Who’s side is the law on in a parking lot accident under specific circumstances?

UPDATED: Oct 1, 2022

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Who’s side is the law on in a parking lot accident under specific circumstances?

This Thanksgiving eve, I went to my local grocery store to pick up an onion and
baking soda. As I was pulling into the empty parking spot, the passenger swung
open her door fully into the spot I was pulling into. This action pulled pain
from my door and dinged it significantly. The driver came and gave me her name
and address, telling me to go to a collision place and that she didn’t want to
claim it on her insurance because she had just made a claim recently. I did not
claim any blame myself or imply that I was at fault like the driver did. The
next day – she renigged – claiming that she was parked and that I almost ran into
her passenger. I am waiting for the security footage to place blame on them but
my question is even though she was parked and I was pulling in to the spot, who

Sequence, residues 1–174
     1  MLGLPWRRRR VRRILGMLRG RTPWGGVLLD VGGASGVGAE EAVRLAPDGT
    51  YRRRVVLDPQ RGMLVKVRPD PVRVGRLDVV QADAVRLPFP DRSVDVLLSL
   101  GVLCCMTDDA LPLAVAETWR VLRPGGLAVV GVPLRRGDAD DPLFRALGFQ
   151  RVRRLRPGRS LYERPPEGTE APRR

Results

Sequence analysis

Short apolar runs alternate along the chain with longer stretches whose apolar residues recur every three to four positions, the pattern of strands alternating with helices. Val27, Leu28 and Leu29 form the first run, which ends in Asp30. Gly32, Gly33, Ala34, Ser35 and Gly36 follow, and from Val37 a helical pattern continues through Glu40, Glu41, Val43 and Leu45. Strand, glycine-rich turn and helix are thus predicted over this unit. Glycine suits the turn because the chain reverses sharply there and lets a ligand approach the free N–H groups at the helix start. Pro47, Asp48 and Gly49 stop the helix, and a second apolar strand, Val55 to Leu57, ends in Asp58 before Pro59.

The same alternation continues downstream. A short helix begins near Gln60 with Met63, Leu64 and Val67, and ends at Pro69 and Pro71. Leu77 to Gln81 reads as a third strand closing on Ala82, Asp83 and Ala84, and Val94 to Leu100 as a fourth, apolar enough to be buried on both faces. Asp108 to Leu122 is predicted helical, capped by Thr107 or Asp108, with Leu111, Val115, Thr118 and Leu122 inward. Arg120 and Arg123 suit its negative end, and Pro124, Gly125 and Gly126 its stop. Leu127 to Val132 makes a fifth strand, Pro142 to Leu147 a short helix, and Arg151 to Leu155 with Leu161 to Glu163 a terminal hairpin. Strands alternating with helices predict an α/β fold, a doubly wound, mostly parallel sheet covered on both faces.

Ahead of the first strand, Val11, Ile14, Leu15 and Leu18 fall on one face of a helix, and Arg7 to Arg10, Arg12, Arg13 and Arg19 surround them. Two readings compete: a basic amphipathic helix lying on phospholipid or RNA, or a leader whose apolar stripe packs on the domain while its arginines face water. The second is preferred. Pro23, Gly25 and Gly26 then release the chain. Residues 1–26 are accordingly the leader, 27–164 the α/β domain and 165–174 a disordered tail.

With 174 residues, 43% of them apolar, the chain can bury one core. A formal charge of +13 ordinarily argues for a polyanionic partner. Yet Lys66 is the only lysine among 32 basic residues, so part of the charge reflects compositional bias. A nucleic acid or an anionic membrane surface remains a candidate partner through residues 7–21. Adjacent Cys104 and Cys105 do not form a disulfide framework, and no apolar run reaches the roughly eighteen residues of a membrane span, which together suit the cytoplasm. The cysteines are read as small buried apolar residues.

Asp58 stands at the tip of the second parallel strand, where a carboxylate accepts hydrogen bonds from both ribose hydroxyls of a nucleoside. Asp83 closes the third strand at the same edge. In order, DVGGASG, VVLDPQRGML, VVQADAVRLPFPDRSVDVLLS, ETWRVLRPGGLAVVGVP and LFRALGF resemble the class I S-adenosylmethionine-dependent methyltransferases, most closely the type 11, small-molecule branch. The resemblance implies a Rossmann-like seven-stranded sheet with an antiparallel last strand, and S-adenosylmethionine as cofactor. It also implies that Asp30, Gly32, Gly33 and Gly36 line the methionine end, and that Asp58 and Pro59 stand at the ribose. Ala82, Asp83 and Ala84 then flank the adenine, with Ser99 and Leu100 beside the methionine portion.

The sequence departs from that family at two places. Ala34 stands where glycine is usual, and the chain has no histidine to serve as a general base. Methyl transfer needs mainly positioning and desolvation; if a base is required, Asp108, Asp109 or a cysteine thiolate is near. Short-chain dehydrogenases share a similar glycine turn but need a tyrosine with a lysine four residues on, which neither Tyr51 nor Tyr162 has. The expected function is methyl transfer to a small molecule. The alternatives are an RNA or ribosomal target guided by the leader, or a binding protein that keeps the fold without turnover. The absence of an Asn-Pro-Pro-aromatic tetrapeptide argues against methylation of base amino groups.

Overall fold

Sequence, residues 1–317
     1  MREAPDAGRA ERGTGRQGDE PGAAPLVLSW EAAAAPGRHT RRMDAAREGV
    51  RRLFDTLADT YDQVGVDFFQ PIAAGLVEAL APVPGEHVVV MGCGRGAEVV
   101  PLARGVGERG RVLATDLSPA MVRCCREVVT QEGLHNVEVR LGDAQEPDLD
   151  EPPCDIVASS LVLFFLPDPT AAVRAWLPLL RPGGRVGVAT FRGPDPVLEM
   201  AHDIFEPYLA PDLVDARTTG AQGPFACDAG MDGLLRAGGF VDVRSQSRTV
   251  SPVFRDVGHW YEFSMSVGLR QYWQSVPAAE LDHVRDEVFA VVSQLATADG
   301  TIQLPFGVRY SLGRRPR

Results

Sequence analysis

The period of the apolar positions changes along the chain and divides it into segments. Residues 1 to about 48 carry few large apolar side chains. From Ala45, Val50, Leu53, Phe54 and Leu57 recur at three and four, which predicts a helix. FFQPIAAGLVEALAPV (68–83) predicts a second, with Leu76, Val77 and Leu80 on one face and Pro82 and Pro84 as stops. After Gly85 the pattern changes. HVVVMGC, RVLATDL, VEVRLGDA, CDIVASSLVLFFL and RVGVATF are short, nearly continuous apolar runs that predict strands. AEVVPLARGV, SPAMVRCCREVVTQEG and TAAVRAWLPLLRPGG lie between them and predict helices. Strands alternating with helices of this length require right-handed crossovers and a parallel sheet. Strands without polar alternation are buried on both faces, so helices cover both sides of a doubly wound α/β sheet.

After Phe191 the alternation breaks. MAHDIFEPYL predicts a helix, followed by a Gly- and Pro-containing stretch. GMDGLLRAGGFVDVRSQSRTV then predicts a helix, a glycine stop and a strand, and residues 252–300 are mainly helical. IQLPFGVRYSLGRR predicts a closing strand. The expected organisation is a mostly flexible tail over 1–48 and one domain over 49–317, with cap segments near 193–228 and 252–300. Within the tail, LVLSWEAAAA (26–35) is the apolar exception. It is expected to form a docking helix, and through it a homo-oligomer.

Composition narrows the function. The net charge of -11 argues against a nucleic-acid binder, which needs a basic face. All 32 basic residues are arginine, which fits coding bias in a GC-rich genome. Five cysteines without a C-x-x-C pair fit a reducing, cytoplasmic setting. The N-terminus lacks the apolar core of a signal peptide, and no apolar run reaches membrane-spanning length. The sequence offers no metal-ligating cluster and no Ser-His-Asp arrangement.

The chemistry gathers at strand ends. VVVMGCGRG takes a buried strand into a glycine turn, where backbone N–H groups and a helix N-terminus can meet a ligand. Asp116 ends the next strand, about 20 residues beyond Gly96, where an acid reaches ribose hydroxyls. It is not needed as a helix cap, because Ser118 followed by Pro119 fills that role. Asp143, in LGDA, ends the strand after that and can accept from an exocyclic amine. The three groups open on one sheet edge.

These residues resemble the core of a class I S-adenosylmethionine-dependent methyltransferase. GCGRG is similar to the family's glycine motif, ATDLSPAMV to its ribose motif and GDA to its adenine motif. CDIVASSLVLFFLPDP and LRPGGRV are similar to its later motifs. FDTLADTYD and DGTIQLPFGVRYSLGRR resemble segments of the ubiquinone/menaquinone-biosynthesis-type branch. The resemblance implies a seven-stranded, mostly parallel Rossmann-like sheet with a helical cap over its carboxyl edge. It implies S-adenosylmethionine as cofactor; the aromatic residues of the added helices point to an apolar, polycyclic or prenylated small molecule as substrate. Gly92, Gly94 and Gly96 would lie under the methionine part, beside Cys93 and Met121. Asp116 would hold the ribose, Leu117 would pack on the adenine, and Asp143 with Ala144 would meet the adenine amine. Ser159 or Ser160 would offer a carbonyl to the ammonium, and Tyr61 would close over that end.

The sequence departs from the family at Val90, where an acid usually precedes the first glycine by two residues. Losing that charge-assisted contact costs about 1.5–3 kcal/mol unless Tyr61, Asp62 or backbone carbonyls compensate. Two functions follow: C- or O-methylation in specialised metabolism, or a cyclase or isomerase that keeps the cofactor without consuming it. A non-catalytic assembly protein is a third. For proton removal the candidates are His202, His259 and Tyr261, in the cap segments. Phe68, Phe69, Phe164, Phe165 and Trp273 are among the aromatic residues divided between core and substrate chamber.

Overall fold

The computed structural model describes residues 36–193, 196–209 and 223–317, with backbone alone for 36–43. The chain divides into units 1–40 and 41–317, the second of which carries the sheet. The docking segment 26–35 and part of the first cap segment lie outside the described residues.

is legally to blame in this instance?

Asked on November 24, 2017 under Accident Law, Texas


SJZ, Member, New York Bar / FreeAdvice Contributing Attorney

Answered 5 years ago | Contributor

There is no one always legally to blame in this circumstance (unlike the case, for example of rear-ending someone on the road, where the rear driver is almost inevitably held to be at fault). It depends on the circumstances and timing: basically, if she swung the door open when your car was already there, or so instantly before your car was in the spot that there was no time for you to stop, she was at fault; if a reasonable driver however could have stopped or avoided her door, you would most likely be at fault.

IMPORTANT NOTICE: The Answer(s) provided above are for general information only. The attorney providing the answer was not serving as the attorney for the person submitting the question or in any attorney-client relationship with such person. Laws may vary from state to state, and sometimes change. Tiny variations in the facts, or a fact not set forth in a question, often can change a legal outcome or an attorney's conclusion. Although AttorneyPages.com has verified the attorney was admitted to practice law in at least one jurisdiction, he or she may not be authorized to practice law in the jurisdiction referred to in the question, nor is he or she necessarily experienced in the area of the law involved. Unlike the information in the Answer(s) above, upon which you should NOT rely, for personal advice you can rely upon we suggest you retain an attorney to represent you.

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